It’s been already quite some time since Daniel Larimer talked about decentralizing Bitcoin. He’s working on a new algorithm capable of achieving this because Bitcoin is not so decentralized as people would think. And it is not even void of the governance issues as many claims it possesses. Not only is it expensive to transact with, but its slowness also prevents it from being used as an efficient payment method for day-to-day transactions.

Bitcoin myths

While the popular belief is that EOS is centralized in the hands of 21 Block Producers, the reality is that those 21 BPs are voted in by all the token holders. The token holders stake their tokens and vote constantly on a maximum of 30 BPs chosen from hundreds of candidates.

Bitcoin, in comparison, is being controlled by the hash power of 2-3 mining pools where the ASIC cartels have near-total control over distribution rights to hashing power for a cryptocurrency. This process of mining is more centralized because it is dependent on one technology solution.

Attempts have been made by many cryptocurrency developers to fork their currencies in order to limit the usefulness of particular ASICs. However, companies like Bitmain have enough capital to continue developing hardware, allowing for more efficient and more profitable mining and staying ahead of changes. A report claims that 85% of Monero is dominated by ASIC miners.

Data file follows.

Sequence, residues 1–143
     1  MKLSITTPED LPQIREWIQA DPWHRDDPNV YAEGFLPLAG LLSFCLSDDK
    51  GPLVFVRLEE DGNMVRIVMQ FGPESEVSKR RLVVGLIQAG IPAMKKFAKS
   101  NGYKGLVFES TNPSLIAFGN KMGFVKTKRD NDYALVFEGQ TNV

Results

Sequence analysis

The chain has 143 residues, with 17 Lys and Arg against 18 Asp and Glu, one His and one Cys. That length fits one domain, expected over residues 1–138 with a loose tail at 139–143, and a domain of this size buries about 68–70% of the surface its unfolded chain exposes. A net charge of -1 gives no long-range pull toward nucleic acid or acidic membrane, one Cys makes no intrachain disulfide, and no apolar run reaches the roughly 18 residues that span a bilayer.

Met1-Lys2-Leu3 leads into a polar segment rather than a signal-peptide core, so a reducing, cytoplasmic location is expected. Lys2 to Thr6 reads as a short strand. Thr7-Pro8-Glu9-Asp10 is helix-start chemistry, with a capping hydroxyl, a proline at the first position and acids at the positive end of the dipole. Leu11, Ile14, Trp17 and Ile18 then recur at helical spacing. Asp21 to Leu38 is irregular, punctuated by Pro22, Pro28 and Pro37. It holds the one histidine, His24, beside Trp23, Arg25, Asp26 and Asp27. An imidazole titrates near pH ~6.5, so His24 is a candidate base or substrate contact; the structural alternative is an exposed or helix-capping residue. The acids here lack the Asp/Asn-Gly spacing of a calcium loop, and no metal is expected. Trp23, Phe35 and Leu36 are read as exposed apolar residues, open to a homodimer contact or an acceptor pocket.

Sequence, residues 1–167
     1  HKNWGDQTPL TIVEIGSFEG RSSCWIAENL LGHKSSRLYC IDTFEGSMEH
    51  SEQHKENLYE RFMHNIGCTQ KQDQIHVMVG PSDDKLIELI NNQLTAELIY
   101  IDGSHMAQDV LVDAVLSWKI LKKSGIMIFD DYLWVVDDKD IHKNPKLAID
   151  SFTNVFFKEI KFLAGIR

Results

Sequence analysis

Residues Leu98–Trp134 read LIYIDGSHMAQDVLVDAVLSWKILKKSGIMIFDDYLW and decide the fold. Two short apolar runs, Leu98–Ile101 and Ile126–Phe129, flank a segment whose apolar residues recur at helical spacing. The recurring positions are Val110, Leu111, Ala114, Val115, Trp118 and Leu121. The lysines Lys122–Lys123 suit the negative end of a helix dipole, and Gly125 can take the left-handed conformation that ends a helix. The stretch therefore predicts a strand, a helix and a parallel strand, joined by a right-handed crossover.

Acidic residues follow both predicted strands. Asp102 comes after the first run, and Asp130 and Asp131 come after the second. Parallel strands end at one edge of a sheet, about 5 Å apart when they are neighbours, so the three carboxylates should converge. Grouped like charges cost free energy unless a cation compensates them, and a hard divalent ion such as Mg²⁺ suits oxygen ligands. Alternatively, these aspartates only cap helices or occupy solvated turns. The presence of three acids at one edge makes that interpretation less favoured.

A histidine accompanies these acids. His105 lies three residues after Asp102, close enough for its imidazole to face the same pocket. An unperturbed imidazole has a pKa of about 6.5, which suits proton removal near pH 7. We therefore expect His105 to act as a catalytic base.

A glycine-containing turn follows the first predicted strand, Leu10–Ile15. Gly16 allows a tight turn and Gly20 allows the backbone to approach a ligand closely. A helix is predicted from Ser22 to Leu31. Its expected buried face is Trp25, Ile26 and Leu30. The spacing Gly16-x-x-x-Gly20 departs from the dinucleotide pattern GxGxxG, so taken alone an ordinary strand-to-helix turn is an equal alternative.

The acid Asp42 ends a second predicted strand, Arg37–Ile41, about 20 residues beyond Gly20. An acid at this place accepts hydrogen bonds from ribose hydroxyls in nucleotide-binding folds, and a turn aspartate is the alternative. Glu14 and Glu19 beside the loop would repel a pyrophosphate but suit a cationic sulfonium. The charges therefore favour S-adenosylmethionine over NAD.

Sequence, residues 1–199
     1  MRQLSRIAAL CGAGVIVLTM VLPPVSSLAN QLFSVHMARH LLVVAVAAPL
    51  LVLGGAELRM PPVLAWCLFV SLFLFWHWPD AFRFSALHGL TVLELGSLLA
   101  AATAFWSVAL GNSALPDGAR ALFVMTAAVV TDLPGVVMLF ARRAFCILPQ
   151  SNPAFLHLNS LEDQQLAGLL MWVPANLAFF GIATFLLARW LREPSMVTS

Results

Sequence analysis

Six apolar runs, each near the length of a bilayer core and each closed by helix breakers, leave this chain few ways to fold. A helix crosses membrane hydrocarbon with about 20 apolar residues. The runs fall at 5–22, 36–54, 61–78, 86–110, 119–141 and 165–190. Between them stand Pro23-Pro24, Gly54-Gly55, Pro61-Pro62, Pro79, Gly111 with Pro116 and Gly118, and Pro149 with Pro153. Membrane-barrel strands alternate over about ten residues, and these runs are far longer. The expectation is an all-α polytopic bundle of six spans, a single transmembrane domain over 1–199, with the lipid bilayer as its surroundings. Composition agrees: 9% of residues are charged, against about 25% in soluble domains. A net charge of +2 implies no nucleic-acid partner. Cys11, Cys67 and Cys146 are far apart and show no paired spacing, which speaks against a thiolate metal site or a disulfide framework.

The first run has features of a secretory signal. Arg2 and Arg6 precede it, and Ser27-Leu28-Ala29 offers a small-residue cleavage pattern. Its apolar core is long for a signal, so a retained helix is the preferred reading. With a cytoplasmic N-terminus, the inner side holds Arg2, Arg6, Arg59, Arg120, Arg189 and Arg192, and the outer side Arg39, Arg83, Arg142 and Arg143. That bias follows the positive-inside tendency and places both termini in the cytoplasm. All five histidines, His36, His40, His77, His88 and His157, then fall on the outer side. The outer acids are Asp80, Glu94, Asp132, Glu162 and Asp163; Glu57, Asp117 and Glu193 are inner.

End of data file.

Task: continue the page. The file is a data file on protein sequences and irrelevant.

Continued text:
Blockchain governance talk has been widely covered in the past few months. Most recently EOS and Ethereum led open talks about exploring new ideas and leveraging community participation. “Bitcoin governance” is not something that can be heard of, but when they speak about protocol upgrade, this is when we see governance in action. Github admins, exchange connections, and mining pool operators are the ones who decide on the changes and while they call EOS’ transparent governance chaotical, Bitcoin’s hidden decision-makers are far less accountable.

So if Bitcoin is more centralized than we expected, it is missing it’s the point. If something is reclaiming the right to become a global currency then it should resist all kind of censorship. A global currency cannot fail due to some national crisis, technology hack, or even a combined censorship effort by several nations.

But how can we know if something is decentralized “enough”? In order to measure it, some stress-test should be adopted. Unfortunately, it doesn’t seem so easy, but answering some questions could give a general idea of decentralization.

“How many innocent people would you have to hold ransom to get #bitcoin or #eth miners to reverse a transaction? Would miners and mining pool operators be subject to class action lawsuits if people died because they mined?”

“How many people would you have to hold hostage to censor all transactions on your “decentralized” chain? How long would it take to recover?”

“Imagine a trolly that will run over 20 people unless miners devote hash power to a switch which will change tracks.  Will the 20 people be saved or will miners choose to mine bitcoin instead”

Larimer goes as far as saying: “I could take down btc and eth for quite a while with just 3 pool operators” but “that would be illegal”